• Sleeping bag (3-4 season, can be rented).
  • Water bottle (2 litres approx.) & purification tablets.
  • Personal first-aid kit to include: painkillers, plasters (band-aids), moleskin, anti-biotic cream, general antibiotics (ask your GP), after-bite (tiger balm), anti-diarrhoea tablets, throat lozenges, re-hydration salts & personal medication.
  • Insect repellent.
  • Towel & wash-kit.
  • Wet Wipes/antiseptic hand-wash cream.
  • Toilet paper (1)
  • Sunscreen (factor 30+) and lip salve.
  • Head-lamp (plus spare bulb and batteries).
  • Penknife.
  • Travel alarm clock.
  • Plastic bags – ‘Zip-loc’ & tough bin liners.
  • Camera and film / memory cards (take at least twice the amount you think you will need!). Print & slide film is available locally. Polarising filter is recommended for SLR cameras.
  • Book, e-book, mp3 player/ipod or other for free time.
  • Binoculars.
  • Spanish/English phrasebook.
  • Extra snacks i.e. cereal bars or favourite chocolate bars.

All other non-personal trekking camping gear e.g. tents, cutlery etc is provided.


Miscellaneous others

  • Money belt.
  • Passport.
  • U.S. dollars cash, mixed-denomination notes, undamaged and unmarked.
  • ATM cash/credit card.
  • Any inoculation certificates.
  • Personal & medical insurance certificates.
  • Presents e.g. Postcards from home.
  • Comfortable clothes for travel, smart clothes for night life.

ATOL holiday protection

Andean Trails has 25 years of experience of putting together the best South America holidays.

We pay a fee to the CAA for every licensable passenger we book since we hold an Air Travel Organiser’s Licence granted by the Civil Aviation Authority. In the unlikely event of our insolvency, the CAA will ensure that you are not stranded abroad and will arrange to refund any money you have paid to us for an advance booking.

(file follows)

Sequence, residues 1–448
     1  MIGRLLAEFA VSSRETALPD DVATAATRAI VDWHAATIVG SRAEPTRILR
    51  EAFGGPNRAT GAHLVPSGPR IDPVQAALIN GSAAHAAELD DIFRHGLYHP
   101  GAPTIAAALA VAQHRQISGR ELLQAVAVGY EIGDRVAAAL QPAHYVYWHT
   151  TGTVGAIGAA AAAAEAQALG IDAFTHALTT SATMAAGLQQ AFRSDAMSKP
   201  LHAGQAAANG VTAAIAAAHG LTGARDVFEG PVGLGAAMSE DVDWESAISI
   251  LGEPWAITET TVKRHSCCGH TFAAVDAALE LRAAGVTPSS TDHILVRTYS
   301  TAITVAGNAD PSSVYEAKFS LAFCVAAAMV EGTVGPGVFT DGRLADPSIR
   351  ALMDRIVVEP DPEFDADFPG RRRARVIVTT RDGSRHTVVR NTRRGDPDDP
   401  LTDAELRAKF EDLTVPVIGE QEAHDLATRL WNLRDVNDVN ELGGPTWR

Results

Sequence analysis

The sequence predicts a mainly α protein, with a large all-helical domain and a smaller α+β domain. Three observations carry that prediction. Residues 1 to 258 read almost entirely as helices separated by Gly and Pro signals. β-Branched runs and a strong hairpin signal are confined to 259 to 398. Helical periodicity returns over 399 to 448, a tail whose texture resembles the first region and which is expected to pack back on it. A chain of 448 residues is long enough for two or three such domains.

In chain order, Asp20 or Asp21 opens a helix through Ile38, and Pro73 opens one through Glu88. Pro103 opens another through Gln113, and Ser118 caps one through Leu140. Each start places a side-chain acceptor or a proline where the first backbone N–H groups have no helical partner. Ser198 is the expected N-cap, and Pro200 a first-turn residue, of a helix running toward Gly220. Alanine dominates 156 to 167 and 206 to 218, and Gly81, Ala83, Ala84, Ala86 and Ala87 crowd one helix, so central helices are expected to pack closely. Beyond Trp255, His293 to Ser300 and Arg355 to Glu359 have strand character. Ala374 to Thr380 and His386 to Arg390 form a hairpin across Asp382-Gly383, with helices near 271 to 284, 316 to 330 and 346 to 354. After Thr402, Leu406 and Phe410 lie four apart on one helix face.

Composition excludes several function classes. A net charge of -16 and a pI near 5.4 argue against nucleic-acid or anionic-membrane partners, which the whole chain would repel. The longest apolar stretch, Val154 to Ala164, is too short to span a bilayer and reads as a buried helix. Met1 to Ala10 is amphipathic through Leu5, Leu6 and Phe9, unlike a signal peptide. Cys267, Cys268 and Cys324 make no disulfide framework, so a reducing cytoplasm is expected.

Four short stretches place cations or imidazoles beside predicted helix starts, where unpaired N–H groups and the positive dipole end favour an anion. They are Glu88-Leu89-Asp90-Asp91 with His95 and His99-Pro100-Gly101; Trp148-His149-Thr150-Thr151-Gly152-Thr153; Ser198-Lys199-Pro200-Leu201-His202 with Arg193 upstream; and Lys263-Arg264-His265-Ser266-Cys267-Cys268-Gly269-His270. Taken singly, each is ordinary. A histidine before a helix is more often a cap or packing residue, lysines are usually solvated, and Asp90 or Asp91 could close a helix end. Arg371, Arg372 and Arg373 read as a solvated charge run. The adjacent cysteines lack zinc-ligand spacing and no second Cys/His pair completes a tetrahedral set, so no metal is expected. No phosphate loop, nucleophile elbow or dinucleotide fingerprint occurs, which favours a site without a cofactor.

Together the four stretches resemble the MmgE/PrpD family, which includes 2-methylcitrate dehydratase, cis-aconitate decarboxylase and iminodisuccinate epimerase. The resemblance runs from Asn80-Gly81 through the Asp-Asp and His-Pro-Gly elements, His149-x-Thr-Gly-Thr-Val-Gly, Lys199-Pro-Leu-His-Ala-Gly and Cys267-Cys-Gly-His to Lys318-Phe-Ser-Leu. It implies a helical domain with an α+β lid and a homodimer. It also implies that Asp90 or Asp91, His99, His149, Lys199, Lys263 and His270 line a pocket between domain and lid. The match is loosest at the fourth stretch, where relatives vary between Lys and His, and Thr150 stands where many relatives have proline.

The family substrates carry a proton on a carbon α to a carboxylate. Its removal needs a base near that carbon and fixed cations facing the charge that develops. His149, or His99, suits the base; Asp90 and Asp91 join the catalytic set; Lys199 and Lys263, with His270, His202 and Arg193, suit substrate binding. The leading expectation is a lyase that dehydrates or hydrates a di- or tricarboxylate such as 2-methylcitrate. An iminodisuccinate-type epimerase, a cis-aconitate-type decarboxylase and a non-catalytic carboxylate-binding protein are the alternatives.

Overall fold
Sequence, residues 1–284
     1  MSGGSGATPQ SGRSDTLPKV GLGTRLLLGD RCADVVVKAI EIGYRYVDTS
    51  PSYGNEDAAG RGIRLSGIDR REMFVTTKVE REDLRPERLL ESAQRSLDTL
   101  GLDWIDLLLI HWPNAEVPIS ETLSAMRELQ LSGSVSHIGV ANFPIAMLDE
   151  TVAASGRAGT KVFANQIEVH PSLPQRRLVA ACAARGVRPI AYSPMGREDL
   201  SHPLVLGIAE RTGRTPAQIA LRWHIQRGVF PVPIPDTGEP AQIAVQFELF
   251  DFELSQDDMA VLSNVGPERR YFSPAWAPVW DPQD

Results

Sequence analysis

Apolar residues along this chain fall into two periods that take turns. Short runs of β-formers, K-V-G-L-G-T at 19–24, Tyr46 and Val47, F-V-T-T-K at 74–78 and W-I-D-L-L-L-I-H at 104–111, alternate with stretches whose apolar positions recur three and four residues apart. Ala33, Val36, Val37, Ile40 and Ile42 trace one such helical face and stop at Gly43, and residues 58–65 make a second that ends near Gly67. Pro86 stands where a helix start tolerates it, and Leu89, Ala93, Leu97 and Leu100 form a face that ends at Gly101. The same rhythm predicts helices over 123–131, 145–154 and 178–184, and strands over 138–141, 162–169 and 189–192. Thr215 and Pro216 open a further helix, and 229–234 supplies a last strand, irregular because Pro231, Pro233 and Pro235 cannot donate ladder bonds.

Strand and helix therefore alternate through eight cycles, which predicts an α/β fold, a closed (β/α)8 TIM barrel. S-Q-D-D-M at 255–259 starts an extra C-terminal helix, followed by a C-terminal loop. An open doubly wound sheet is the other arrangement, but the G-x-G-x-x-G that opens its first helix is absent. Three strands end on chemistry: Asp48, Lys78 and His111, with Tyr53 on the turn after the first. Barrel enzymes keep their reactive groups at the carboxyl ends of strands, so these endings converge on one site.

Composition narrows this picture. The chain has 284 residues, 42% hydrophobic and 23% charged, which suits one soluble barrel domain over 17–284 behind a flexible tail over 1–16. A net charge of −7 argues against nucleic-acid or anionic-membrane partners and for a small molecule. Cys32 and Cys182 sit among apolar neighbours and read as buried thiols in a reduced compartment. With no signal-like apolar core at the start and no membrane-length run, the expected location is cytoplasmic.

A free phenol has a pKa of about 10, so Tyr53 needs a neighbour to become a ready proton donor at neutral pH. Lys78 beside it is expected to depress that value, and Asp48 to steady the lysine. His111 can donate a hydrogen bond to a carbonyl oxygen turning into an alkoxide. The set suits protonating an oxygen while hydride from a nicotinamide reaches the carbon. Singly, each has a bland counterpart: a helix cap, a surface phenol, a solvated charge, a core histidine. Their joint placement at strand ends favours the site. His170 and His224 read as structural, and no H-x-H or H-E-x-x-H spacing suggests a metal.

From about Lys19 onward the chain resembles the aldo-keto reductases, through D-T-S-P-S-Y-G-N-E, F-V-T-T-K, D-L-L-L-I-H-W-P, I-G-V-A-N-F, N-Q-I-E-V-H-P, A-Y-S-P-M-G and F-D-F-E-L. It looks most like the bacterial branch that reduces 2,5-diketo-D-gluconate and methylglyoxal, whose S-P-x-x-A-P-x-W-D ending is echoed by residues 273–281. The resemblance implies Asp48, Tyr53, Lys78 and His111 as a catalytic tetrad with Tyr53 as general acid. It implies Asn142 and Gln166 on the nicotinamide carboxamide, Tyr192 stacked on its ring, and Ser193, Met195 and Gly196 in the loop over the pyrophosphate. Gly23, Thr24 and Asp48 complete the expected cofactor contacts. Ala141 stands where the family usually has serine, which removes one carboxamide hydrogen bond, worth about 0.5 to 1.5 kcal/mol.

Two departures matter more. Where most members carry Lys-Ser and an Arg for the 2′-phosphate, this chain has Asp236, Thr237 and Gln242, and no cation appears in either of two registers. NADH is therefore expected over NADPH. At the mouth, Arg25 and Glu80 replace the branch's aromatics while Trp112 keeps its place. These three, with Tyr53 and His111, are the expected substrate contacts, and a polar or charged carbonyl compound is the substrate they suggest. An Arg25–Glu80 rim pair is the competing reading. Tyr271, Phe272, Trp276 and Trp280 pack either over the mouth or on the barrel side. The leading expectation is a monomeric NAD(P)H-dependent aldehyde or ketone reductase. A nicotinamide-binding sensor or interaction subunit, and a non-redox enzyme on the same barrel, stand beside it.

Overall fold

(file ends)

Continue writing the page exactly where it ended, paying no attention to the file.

We also offer ATOL (Civil Aviation Authority) protected holidays to give our customers peace of mind when booking and travelling.

When you buy an ATOL protected air holiday package from Andean Trails Ltd you will receive a Confirmation Invoice from us confirming your arrangements and your protection under our Air Travel Organiser’s Licence number 6275.

You can read more about ATOL, who is covered and what protections you have if not ATOL-covered, on our ATOL page.


What is ATOL?

The CAA’s ATOL scheme offers protection to your money and your holiday if you book with us. Not everybody is covered (see ‘Who is covered?’ for more), as you must purchase an ‘air package holiday’ with Andean Trails to be protected.

And  ‘air package holiday’ is defined as including a flight and some ground services (hotel, transfer, trek etc). This is also known as an ‘ATOL-protected holiday’.


Who is covered?